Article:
Amy Schumer’s latest movie “I Feel Pretty” sparked an interesting debate in the NYTimes this week. Amanda Hess wrote:
“I Feel Pretty” is based on a pretty little lie: Looks don’t matter. It’s what’s on the inside that counts.
In the film, the down-on-herself Renee (played by Amy Schumer) conks her head in a SoulCycle accident and awakens believing that she has miraculously become supermodel-hot. She revels in it — charging into a bikini contest, snagging a promotion and basking in the affections of a beefy corporate scion — only to discover that her looks never changed a bit. The benefits she thought she accrued through beauty were won instead through her newfound self-confidence. (Hess, Amanda, ‘I Feel Pretty’ and the Rise of Beauty-Standard Denialism, NYTimes, April 23, 2018)
Hess argues that, in reality, looks do matter. We cannot simply tell women who believe (or are) unattractive that society does not care about their looks but rather their self-confidence. Women (and men) cannot overcome the impact of their appearance with self-confidence.
Hess’s article prompted me to think about how attractiveness functions as an unconscious bias in the workplace. As a manager, I try to challenge myself on my biases and if they impact my team. Some of the common ones I discuss with my colleagues include gender, race, time in role and, my favorite, recency.
However, we never discuss our bias towards attractive people. Attractiveness remains a silent bias perhaps because talking about it seems uncouth and everyone, at the moment, fears #metoo. While we may not yet comfortably talk about this bias, academics do write about the topic.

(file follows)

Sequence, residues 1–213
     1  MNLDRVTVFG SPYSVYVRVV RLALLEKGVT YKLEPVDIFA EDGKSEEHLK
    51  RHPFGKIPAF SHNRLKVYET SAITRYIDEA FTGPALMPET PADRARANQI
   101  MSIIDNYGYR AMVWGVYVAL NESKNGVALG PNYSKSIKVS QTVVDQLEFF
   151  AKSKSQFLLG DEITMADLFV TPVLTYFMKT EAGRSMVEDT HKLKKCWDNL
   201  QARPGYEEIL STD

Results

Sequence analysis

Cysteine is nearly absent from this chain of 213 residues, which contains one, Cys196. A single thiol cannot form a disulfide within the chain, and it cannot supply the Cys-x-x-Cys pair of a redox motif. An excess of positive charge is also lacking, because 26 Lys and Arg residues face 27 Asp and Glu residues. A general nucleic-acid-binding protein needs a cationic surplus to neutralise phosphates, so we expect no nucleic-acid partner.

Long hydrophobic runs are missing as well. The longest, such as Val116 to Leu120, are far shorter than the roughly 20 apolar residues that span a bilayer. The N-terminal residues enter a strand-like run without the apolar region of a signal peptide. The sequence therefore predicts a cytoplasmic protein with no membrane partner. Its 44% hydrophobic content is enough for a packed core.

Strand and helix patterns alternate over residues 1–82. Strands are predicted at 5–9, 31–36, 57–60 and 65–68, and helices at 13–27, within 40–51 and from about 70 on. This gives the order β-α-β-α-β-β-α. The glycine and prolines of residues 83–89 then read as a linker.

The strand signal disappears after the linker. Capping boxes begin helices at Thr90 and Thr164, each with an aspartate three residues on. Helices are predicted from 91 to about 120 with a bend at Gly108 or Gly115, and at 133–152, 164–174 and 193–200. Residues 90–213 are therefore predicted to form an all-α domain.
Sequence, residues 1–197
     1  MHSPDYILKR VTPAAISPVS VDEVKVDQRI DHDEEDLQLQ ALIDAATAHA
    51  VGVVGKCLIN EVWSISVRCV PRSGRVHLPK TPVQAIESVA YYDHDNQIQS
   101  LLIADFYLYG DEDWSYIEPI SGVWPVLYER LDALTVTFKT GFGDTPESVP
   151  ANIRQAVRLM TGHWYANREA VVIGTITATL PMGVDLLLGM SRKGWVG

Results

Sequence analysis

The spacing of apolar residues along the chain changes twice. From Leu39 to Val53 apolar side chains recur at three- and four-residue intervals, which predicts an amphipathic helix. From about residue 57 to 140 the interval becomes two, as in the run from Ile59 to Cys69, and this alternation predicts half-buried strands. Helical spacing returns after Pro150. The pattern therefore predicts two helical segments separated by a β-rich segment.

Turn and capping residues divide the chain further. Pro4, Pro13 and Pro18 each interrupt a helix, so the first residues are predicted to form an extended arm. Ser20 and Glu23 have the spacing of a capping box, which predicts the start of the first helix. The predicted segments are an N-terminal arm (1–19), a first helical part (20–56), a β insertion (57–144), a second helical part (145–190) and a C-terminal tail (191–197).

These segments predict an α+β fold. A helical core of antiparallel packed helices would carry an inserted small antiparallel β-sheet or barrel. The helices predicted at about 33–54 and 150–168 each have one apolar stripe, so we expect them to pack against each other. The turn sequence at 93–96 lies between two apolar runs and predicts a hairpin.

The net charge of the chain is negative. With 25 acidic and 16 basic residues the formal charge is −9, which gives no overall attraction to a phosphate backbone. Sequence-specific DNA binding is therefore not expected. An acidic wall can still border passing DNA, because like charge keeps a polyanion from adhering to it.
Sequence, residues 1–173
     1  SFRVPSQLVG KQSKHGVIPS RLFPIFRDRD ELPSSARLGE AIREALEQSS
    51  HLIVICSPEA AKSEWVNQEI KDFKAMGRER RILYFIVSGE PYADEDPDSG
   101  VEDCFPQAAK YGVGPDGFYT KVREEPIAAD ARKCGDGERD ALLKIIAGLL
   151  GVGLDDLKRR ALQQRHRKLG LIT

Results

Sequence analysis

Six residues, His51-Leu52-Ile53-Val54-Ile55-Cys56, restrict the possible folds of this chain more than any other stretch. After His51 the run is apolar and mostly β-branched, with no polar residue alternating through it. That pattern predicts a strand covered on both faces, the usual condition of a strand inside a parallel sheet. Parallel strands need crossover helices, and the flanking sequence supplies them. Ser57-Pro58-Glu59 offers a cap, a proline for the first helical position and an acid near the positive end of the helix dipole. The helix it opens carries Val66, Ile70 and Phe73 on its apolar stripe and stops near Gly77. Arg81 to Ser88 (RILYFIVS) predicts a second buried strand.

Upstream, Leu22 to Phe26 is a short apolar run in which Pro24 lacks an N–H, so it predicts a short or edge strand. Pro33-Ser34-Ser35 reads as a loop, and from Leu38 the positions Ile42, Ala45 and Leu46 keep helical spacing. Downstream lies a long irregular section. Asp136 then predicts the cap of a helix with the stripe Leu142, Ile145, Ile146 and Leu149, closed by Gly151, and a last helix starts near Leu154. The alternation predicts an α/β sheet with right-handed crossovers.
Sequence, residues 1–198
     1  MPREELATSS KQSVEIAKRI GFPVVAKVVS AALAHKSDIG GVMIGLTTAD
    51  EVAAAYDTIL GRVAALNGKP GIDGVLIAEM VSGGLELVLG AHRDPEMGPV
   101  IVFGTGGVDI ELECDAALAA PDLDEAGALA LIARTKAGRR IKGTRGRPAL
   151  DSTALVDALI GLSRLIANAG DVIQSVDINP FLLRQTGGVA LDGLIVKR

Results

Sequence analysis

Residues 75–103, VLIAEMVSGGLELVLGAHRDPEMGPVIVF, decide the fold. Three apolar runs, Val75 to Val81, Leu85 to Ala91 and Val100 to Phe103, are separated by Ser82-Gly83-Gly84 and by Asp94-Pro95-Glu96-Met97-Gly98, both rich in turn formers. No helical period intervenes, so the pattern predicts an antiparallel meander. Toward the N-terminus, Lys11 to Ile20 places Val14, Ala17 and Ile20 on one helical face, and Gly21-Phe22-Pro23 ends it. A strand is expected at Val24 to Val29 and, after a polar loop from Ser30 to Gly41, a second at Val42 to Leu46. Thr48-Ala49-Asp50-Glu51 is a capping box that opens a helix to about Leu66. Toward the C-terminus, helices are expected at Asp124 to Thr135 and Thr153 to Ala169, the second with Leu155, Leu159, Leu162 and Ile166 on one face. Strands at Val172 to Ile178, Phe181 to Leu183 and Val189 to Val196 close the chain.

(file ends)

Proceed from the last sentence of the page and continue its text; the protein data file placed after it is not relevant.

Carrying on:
The most compelling evidence that humans prefer more attractive humans to less attractive humans comes from a study done at the University of Texas in 1999. In the study, Rubenstein found that infant face perception showed “infants’ preferences for attractive faces exist well before socialization from parents, peers, and the media can affect these preferences” (Rubenstein, A.J. Dev Psychol. 1999 May;35(3):848-55). Even before we inherit the values of our shallow society, we prefer pretty people.
Obviously, we cannot conclusively say attractiveness leads to higher salaries or promotions at work. In fact, in some scenarios it may work detrimentally. For example, Maria Agathe’s 2011 study found if a “person being evaluated is of the same sex as the evaluator, attractiveness hurts, rather than helps” (Agathe, Maria, Personality and Social Psychology Bulletin. 2011. 37(8) 1042–105).
Regardless of which way the bias flows, we need to add attractiveness (both physical traits, fashion style and self-grooming) to the list of biases to think about when judging the performance of others.
In my world, I will think about attractiveness as a potential bias in my management and work with others, but I don’t think I am quite ready to challenge my peers to do the same.